After a lovely brunch with friends, my buddy Jess and I ventured down 91 to the first exit off the 95. We had no real destination, so when we saw signs for a park, beach or historical landmark we stopped in. Our first stop ended up being Fort Hale where there is little beach called Nathan Hale Beach. I was surprised on this Tuesday noon there were actually people parked here walking around. It was a little overcast, but still fun to explore. This isn’t a beach I would swim at (fyi).


It was a rough rocky beach, but still a nice view. Onward we go!


We continued down Townsend Ave and ended up at Lighthouse Park. This beach did have people laying out and picnicking (although I don’t think anyone was swimming). It has a window lined pavilion with a carrousel in the middle! I think this space can be rented out for wedding receptions.


This is the New Haven Harbor Lighthouse. She’s a beauty.


After doing a loop of the walking path, we were back on the road looking for our next adventure. We saw a sign near the East Haven Town Green pointing us toward the Shoreline Trolley Museum. As we were debating if we should explore, a conductor flagged us over and told us to hop on, so we did!


It was adorable. The train conductors are volunteers, so they are in it for passion rather than donations.


They take you on a short ride through the Beacon Hill Reserve where you learn about this history of trains in CT. Even though it was overcast, we still saw people kayaking. What a great spot for it!


Views from the train car.


The have a spot midway through where they keep the very old trains. Everyone exits the trains and explores barns with trains from all over New England. Here’s a photo of the train back when it was in use.


Once our tour ended, we moved along to the Guilford Town Green. At this point we got coffees and snacks and walked a loop around the Town Green.


We passed cute houses.


We had a nice view of the Guildford First Congregational Church.


After the loop it was starting to drizzle so we made a quick stop down by the water near the Guilford Boat Launch. If we had more time we would have liked to stop into the Henry Whitfield State Museum.


Right after I took this photo, the rain came in and meant the end of our exploration. It was a lot of fun not knowing where we were going and just following the coast. You never know what you’ll stumble upon and learn about where you’ve spent your life growing up. I highly recommend doing something like this, no matter where you live.

Exploring Cape Cod: Paw Wah Pond

So this post is mainly about Paw Wah Pond, which we explored after making a pit stop at an undisclosed location. This first location shall not be named, because, as it turns out, it was on private land. I guess the land is public, but the only way to get there is by trespassing on private property. Since I am not a rule-breaking advocate, I can’t in good conscious promote the walk by giving you the information about it… BUT since I already went, I might as well share my findings.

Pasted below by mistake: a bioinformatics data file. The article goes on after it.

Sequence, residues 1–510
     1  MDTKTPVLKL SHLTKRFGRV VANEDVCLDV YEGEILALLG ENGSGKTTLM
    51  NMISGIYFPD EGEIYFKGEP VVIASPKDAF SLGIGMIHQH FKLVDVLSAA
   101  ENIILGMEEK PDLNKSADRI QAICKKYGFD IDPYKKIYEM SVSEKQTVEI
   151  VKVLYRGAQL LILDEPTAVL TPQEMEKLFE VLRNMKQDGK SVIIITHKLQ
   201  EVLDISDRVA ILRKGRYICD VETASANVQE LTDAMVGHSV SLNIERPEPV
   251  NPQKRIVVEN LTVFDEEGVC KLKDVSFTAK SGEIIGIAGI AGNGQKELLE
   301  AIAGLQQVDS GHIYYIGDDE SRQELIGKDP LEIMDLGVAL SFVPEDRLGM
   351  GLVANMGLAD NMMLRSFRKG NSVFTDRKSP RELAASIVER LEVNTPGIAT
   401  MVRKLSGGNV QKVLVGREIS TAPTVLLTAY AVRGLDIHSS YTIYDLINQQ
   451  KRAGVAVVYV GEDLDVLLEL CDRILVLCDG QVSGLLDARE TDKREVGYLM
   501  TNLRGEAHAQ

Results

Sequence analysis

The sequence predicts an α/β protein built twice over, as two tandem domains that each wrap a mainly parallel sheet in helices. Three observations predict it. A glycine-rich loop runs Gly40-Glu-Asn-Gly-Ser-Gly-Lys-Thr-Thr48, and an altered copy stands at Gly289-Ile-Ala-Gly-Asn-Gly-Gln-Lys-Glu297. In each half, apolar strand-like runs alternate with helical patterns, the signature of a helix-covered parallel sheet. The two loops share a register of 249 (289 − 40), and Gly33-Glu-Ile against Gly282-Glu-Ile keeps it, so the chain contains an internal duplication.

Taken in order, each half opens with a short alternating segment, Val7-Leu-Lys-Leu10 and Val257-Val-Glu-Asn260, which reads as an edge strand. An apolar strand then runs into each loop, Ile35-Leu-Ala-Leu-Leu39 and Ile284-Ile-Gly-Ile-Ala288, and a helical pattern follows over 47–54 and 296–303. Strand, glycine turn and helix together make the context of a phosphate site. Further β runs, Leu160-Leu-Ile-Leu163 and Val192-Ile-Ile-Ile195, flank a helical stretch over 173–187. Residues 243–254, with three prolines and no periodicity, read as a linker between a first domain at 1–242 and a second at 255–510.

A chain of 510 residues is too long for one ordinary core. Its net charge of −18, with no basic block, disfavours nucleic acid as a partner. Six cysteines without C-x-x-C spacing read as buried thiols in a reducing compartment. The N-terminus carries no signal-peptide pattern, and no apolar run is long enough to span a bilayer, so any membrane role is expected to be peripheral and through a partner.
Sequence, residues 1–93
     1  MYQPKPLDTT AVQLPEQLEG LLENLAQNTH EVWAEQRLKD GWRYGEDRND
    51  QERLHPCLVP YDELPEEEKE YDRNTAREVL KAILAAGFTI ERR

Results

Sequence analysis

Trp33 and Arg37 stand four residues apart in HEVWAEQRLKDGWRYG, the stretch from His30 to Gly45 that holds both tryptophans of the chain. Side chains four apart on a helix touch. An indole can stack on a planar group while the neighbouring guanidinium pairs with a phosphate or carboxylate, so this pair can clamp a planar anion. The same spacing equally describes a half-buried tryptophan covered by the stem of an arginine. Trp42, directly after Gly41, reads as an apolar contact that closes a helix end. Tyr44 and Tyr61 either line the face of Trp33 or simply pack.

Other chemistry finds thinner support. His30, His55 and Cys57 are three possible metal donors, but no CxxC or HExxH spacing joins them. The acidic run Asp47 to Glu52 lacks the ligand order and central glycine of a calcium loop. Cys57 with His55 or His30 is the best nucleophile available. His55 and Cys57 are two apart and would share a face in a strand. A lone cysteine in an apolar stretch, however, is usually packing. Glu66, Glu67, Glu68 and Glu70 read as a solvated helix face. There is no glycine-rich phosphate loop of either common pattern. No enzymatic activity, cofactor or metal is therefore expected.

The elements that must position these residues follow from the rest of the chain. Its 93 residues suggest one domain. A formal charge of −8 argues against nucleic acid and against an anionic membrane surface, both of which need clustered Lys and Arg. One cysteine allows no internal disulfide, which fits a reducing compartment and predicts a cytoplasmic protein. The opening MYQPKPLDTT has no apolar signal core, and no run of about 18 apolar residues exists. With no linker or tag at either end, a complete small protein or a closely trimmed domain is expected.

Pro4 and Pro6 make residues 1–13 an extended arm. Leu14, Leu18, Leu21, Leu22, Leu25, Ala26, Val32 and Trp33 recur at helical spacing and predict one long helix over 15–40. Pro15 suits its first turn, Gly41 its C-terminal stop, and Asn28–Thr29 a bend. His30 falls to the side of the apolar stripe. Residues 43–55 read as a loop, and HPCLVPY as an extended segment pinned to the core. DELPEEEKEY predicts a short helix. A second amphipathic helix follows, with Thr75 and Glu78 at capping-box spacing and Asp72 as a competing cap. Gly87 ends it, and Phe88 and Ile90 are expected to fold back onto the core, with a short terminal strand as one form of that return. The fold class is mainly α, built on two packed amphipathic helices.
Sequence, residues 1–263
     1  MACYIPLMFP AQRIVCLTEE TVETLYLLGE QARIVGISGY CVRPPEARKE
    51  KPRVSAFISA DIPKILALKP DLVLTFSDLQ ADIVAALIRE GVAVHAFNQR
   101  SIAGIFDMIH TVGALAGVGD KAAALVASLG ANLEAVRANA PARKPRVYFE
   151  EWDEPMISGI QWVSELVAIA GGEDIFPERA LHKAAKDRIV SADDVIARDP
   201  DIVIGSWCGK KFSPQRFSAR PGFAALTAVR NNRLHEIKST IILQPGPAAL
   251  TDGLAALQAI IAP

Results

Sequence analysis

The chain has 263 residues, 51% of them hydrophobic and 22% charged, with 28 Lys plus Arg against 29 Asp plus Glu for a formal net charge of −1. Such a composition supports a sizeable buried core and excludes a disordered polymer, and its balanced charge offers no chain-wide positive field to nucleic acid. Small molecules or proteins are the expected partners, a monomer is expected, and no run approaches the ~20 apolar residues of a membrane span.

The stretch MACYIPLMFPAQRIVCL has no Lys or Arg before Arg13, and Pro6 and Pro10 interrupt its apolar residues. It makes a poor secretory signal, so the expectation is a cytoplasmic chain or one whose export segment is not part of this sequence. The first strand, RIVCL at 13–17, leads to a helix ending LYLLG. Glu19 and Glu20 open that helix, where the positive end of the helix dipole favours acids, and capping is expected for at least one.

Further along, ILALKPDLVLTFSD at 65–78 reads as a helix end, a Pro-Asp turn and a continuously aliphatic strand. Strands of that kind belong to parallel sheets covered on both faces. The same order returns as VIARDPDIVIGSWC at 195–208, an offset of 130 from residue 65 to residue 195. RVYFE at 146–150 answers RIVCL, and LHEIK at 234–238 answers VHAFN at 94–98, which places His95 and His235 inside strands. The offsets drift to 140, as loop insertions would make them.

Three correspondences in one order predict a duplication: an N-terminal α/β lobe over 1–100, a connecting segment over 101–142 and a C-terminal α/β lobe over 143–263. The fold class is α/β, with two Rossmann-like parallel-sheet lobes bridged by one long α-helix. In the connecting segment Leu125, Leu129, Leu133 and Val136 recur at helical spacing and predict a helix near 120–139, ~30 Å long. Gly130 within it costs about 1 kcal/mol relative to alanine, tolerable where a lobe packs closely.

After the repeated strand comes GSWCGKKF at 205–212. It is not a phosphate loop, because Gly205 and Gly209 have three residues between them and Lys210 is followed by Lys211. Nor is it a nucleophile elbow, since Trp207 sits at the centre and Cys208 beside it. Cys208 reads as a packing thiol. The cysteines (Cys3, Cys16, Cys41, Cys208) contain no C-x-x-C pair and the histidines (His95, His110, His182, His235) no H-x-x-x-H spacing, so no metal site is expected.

Thankfully it was another warmer beautiful day with a clear blue sky.

We followed along the public beach until we reached our goal, a cute abandoned island (during high tide)/ peninsula (during low tide) filled with stones. You can see from these pictures how quiet it was. It wasn’t all joyous, as we had to cut across some stinky, might-drop-into-water-at-any-second marsh to reach this beautiful place. Oh yeah, then we had to cut back across it so we could leave.

After the-hike-that-shalt-be-named, we moved on to a fun loop at Paw Wah Pond in Orleans, MA. This hike has a small parking area, with paths leading you through the woods (note picnic tables for a summer time break) and down to the water.

We didn’t reach this area until late in the day, so the sun was already low in the sky. I love the picutre below because you can see there are 2 kayakers brave enough to handle the cold air (and water) and explore. I’m insanely jealous of them and wished I could have done some winter kayaking. Although the prospect of sticking my foot in the water for the initial launch hurts just thinking about it.

My parents enjoyed this walk for all the birding opportunities. Many unique birds were calling out and living in the nests in the tall grass along the water. We followed their steps.

Once the sun officially began setting we had to rush back to the car (you don’t want to cut through the woods in the dark.. not fun).

Sunsets like this are really special.